The interaction of Australia’s national electronic health record system, My Health Record, with the disability community has been a unique aspect of the debate since its inception.
A summary of the My Health Record system was outlined in our previous article here. In this article, we will look at the benefits of having a My Health Record (MyHR) for individuals with a disability, the challenges and risks, and what it means for organisations that work in the disability sector.
Benefits of a MyHR for the disability sector
The MyHR system aims to tackle the lack of information flow across our various healthcare providers. Importantly, 18% of medical errors are due to inadequate patient information. Individuals with a disability are three times more likely to suffer preventable harmful events in hospital, primarily due to inadequate communication or information flow.
In its submission to the Department of Health, National Disability Services (NDS) highlighted the potential benefits of a MyHR for individuals with disabilities, including:
- Holistic picture of health – The expansion to include allied health practitioners means that occupational therapists, physiotherapists, psychologists, and speech pathologists will be able to upload information to a person’s MyHR.
- Improved efficiency when seeking healthcare – Individuals with a disability tend to have a significant amount of medical records. This can often delay treatment because practitioners are reluctant to treat patients before collating all health records. The MyHR system is intended to provide quick access to comprehensive health information.
- Better health outcomes – Ultimately, it is hoped that the MyHR system will lead to improved health outcomes. NDS has noted that individuals with a disability often fail to receive adequate care, or are prematurely discharged. The transparency of the MyHR system will help improve knowledge transfer.
The benefits are expected to extend to carers, families, and organisations that work with individuals with disabilities. Carers and families can access a person’s MyHR any time and can put in their own health notes. For healthcare practitioners and carers, improved access to information will allow them to feel more confident in providing care.
Despite the benefits above, several concerns have been raised by the disability sector:
- Communication – There is criticism that the release of information about the MyHR system, its benefits, uses, and the opt-out process has not been tailored to individuals with special needs. In particular, carers and families have complained about the lack of support regarding appointing representatives.
- Opt-out process – Disability workers and organisations have found themselves explaining the MyHR system to their clients with very limited support. Vision Australia has also criticised the opt-out process for failing to meet accessibility standards.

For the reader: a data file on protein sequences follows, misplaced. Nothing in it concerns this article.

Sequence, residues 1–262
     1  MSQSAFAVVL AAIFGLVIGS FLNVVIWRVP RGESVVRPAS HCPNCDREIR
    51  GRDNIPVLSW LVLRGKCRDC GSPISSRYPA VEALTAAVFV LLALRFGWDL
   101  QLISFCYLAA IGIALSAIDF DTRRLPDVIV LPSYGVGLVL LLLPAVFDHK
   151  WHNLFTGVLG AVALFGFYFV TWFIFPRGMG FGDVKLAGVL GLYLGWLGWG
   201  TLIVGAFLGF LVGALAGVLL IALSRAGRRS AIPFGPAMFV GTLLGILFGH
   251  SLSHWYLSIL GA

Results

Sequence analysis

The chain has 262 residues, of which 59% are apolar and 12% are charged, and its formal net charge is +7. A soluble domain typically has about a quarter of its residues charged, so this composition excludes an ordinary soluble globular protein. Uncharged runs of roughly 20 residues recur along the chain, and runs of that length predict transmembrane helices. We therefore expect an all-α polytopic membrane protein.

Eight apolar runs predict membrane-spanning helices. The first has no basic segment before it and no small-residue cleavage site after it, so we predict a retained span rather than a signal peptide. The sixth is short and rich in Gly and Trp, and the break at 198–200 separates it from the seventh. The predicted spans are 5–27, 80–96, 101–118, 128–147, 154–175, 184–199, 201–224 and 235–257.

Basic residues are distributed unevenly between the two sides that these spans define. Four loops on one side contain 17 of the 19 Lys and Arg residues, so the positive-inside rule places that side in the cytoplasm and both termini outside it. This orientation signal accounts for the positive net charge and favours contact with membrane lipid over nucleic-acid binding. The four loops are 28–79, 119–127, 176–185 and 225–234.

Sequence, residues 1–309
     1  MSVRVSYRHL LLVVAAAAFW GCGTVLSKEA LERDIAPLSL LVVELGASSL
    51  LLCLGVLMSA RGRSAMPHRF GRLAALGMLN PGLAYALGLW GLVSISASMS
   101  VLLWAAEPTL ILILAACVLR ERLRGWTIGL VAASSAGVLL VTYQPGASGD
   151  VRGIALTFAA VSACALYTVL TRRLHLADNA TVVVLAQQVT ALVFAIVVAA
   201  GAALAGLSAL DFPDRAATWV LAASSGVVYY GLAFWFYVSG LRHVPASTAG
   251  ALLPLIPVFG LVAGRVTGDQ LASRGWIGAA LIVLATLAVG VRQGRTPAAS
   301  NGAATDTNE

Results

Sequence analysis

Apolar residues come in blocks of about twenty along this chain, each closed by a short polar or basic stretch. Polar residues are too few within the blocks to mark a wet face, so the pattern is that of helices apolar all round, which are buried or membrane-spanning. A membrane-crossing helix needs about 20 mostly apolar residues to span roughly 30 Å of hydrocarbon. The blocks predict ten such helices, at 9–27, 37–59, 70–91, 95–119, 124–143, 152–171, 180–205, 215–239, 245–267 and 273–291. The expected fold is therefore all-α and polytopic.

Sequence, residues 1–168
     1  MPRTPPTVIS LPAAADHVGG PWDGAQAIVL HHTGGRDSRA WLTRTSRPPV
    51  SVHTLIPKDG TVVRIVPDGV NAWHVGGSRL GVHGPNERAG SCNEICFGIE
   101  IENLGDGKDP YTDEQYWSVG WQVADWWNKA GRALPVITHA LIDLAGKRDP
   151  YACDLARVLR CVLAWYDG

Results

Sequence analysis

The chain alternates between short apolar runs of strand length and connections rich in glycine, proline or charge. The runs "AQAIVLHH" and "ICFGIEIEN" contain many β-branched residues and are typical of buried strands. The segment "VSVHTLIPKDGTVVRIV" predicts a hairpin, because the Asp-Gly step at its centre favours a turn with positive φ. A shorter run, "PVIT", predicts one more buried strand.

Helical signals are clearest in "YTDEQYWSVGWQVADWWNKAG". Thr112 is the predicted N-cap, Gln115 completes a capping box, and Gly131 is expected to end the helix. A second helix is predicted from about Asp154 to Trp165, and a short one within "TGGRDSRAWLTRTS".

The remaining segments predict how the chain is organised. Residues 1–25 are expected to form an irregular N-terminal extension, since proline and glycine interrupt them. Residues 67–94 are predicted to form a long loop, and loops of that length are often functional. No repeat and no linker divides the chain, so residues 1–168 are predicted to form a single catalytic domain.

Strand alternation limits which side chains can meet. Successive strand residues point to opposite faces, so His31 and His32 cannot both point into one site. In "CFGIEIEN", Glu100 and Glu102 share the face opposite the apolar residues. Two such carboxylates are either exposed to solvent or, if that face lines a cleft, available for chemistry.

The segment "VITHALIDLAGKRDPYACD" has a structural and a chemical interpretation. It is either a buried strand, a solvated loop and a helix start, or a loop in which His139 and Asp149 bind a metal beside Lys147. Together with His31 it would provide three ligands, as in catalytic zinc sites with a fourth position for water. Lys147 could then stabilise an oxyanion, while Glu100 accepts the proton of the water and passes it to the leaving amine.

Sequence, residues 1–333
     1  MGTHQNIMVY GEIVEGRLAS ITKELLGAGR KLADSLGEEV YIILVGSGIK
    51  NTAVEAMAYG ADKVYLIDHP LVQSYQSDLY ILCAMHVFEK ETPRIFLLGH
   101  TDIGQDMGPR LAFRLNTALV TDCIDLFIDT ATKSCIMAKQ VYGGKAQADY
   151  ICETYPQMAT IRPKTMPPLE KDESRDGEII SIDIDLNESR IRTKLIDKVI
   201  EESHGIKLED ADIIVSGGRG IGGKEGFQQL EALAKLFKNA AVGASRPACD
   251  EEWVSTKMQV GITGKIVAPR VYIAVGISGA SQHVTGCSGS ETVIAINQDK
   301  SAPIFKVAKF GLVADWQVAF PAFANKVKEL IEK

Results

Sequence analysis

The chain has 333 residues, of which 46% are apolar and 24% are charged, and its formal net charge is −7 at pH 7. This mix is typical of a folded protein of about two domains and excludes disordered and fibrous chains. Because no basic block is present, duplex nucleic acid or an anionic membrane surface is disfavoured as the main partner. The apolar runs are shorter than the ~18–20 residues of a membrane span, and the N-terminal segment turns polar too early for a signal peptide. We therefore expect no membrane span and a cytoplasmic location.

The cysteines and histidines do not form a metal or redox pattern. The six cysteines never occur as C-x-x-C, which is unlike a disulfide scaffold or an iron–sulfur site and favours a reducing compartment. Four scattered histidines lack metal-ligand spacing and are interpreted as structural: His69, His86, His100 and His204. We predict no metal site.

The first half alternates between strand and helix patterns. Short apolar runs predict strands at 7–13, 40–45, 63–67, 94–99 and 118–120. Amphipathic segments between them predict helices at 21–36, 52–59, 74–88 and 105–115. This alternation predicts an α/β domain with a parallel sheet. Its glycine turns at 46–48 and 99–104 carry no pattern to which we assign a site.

- Privacy – Privacy concerns have led to almost 1 million Australians opting out of the MyHR system. These concerns are heightened in the disability sector where an individual’s MyHR is more likely to contain comprehensive and sensitive health data.
What do organisations and carers need to know?
There have been recent changes to the MyHR system that organisations and carers should be aware of.
- Expansion of the MyHR system to include allied health – organisations and carers who rely on medical records should ask allied health practitioners to place this information into a person’s MyHR.
- Third party view-only access – Many families or individuals with a disability do not want to allow carers or organisations to amend their MyHR. In these situations, ‘view only’ apps can be used to allow access without the ability to edit an individual’s MyHR.
- Communicating opt-out – during the opt-out trials, individuals with disabilities preferred to hear about the MyHR system from disability service providers whom they already had a connection with. This means organisations need to be aware of the MyHR system and have strategies to communicate it to clients.
- Consent and access settings – the MyHR system has complex consent and access settings which are all controlled by the individual. These are likely to be more readily used in the disability sector to grant access or restrict access where needed. With this comes the requirement for organisations and carers to ensure individuals with a disability are empowered and informed to make decisions regarding access.
The opt-out period has been extended until 15 November 2018. After this date, all individuals who have not opted out will have a MyHR made for them. This means that disability service providers, individuals with a disability, and carers need to be aware of the impact.
For organisations, we recommend the following steps;
- Understand the benefits and risks of a MyHR and train your staff to communicate this to individuals with a disability, so they can make an informed decision to stay in or opt-out.
- Be a leader in the sector and consider how the MyHR system could be incorporated into your operations to the benefit of individuals with a disability. For example, consider if your staff / carers should have view-only access to the MyHRs of their clients.
How we can help
Moores specialises in working with organisations in the disability sector. We are well placed to help organisations understand, consider, and implement changes associated with the MyHR system. Please feel free to contact Tony Rutherford, Practice Leader on (03) 9843 2100 or use the enquiry form below.
 ‘National E-health Strategy’, Deloitte, 30 September 2008.
 See for example: ‘The e-health literacy demands of Australia’s My Health Record’ published in Perspectives in Health Information Management, 1 October 2017.
 ‘Blind and low vision community neglected in My Health Record opt-out process’, World Vision, 23 July 2018.
 ‘Almost a million opt-out of My Health Record’, Sydney Morning Herald, 17 September 2018.